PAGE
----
Child support is one of the most significant issues co-parents face. As your children grow and family dynamics change, you may find that your current child support plan needs to be updated after the initial judgment is finalized. Any child support order can be modified by either parent, whether you are paying child support or receiving payments. Here is what you need to know about modifying child support in Florida.
Reasons to Modify a Child Support Order
A parent must experience a substantial change in their circumstances to modify a child support order. As a general rule, if the result is a change in the support calculation of $50 per month or 15%, whichever is greater, the court will find a substantial change. Here are some common reasons that may support a change in a parent’s child support payments:
There are various expenses involving a child’s education that may change over time. Day care costs are part of any child support calculation and any change, up or down, may be sufficient to justify a modification. Depending upon the previous court order, changes in tuition fees, school supplies, and school uniforms may justify a change in support.
Changes in Time-Sharing Patterns
Child support considers how many overnights a child stays with a parent according to the established parenting plan. If the number of actual overnights differs from the parenting plan, either parent can request to modify the child support payment. However, the order cannot be modified if a parent is assigned to have custody for 20% of overnights, but the actual number falls below that amount.
Other Child Support Payments
Child support should not exceed a certain percentage of your overall income. If you are required to pay child support to more than one partner for children from previous relationships, you may request to modify your payments, so they do not exceed a certain percentage of your total income.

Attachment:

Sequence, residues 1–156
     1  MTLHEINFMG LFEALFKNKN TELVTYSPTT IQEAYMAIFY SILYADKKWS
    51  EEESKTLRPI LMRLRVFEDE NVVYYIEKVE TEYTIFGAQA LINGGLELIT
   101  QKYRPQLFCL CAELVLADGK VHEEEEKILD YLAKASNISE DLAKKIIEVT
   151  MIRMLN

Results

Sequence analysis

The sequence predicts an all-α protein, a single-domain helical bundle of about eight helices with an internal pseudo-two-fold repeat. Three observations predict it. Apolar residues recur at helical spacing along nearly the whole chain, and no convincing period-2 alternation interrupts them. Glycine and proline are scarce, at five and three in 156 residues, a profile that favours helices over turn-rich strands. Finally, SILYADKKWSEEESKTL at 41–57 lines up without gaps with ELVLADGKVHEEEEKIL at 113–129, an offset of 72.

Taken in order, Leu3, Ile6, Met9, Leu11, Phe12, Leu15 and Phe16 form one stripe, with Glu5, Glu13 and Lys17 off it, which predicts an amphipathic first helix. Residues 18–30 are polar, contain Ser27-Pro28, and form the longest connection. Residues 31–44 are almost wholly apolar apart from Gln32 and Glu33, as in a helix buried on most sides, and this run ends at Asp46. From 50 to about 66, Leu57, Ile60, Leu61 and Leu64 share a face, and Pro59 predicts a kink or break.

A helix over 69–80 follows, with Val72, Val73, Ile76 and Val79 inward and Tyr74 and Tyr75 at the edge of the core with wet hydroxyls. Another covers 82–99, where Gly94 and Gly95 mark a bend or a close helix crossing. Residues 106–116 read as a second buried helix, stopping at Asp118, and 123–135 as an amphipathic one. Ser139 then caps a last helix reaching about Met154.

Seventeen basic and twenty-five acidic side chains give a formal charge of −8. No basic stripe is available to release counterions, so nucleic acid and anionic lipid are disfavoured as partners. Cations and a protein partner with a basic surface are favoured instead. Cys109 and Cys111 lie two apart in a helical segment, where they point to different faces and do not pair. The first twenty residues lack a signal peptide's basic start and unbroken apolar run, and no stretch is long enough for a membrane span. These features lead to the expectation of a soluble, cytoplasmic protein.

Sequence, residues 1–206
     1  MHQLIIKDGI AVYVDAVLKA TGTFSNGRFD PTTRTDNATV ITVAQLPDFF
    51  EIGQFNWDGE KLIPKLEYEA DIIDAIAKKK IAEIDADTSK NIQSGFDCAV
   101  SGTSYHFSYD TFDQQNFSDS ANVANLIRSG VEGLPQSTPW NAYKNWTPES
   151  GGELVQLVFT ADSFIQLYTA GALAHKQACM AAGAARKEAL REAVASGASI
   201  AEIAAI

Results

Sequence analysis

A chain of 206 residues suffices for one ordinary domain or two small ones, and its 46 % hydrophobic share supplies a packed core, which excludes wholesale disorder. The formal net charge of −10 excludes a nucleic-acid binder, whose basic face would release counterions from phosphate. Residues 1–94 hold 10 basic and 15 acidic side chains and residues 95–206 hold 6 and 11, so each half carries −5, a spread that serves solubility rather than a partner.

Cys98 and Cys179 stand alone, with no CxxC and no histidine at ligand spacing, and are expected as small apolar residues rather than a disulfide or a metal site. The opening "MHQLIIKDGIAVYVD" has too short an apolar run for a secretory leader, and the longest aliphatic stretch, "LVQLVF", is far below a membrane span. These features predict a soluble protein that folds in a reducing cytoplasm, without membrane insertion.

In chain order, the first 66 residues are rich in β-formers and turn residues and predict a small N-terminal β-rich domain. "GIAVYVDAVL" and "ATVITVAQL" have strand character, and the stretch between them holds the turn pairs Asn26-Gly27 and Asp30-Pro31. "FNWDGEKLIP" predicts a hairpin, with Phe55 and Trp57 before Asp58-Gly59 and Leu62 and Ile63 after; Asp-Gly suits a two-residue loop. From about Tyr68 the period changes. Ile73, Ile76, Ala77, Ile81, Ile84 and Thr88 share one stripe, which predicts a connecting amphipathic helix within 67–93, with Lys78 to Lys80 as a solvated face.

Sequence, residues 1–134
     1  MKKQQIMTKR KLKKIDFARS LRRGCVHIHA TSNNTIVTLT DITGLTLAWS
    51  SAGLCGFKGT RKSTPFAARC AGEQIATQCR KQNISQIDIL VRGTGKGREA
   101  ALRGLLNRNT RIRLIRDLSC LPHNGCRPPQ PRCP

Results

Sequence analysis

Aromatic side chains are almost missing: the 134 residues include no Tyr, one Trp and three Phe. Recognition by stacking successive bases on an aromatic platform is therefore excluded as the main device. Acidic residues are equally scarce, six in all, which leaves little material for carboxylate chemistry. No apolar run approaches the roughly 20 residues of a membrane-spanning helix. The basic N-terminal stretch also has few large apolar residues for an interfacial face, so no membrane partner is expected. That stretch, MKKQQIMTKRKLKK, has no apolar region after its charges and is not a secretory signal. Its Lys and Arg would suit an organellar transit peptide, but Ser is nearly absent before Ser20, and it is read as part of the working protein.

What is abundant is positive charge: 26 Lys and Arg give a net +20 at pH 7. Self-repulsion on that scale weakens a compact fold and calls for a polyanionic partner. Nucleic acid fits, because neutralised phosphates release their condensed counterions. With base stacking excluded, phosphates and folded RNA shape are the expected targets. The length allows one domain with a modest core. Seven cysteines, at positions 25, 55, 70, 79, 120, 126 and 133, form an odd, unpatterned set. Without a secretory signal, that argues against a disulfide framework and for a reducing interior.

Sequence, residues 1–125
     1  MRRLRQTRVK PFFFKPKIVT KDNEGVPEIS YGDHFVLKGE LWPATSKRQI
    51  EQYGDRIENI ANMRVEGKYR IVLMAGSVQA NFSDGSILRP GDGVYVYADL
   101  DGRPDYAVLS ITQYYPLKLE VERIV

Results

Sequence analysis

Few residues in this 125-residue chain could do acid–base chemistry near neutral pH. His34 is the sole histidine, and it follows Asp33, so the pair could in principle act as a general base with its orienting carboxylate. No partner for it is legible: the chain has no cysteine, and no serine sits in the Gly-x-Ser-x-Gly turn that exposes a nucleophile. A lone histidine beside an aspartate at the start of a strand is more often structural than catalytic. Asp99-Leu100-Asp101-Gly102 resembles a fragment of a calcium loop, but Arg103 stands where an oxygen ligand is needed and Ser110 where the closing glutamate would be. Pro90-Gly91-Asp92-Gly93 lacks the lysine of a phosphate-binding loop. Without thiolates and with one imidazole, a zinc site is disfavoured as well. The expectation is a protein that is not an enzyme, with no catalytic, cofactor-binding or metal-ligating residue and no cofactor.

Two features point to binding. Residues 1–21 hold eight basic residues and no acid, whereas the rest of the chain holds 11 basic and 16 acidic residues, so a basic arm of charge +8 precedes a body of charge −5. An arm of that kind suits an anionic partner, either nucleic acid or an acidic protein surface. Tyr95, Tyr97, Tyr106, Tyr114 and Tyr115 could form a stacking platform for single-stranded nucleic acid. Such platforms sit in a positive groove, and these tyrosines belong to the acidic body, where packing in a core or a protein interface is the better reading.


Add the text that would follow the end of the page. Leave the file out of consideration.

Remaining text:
An income change is the most common reason for child support modification. Either parent can request a child support modification based on their income, whether you are the parent making payments or receiving them. For instance, one parent may request child support modification if the other parent gets a new job resulting in a substantial increase in income. Or the parent making child support payments could request a change due to job loss or income decrease. However, the court does not have the authority to retroactively reduce child support accruing before the payor files his supplemental petition to modify his support obligation.
Child support can be modified if a child has been diagnosed with an illness or has special needs. Child support can also be adjusted if a parent becomes disabled. If health insurance was not available at the time of the original award but has become available, this may justify a change in child support.
Eligibility to Modify
Any child support order is eligible for modification, whether from a divorce, paternity case, or other support order. As pointed out above, when requesting a modification, the new payment must change by $50 or 15%, whichever is greater.
Steps How to File a Child Support modification
You can request either a temporary or permanent child support modification. The process of modifying a child support order closely resembles the steps of creating an initial child support order, as described below:
1. Filing a Supplemental Petition to Modify Child Support in the county court of the original order.
2. Serving the other parent with the modification request.
3. Waiting 20 days for the other parent to respond to the request.
4. Income verification by both parents.
5. Mediation to reach an agreement.
7. Approval or denial of the modification request.
Peppler Law — Seminole County Family Law Attorney
Thomas R. Peppler is an experienced family law attorney that can help you through the process of creating a child custody and child support arrangement that works for you and your family. When you need to modify an existing child support order, Peppler Law P.A. is also here to help. Call our office at 407-316-2045 to schedule a consultation to discuss your case.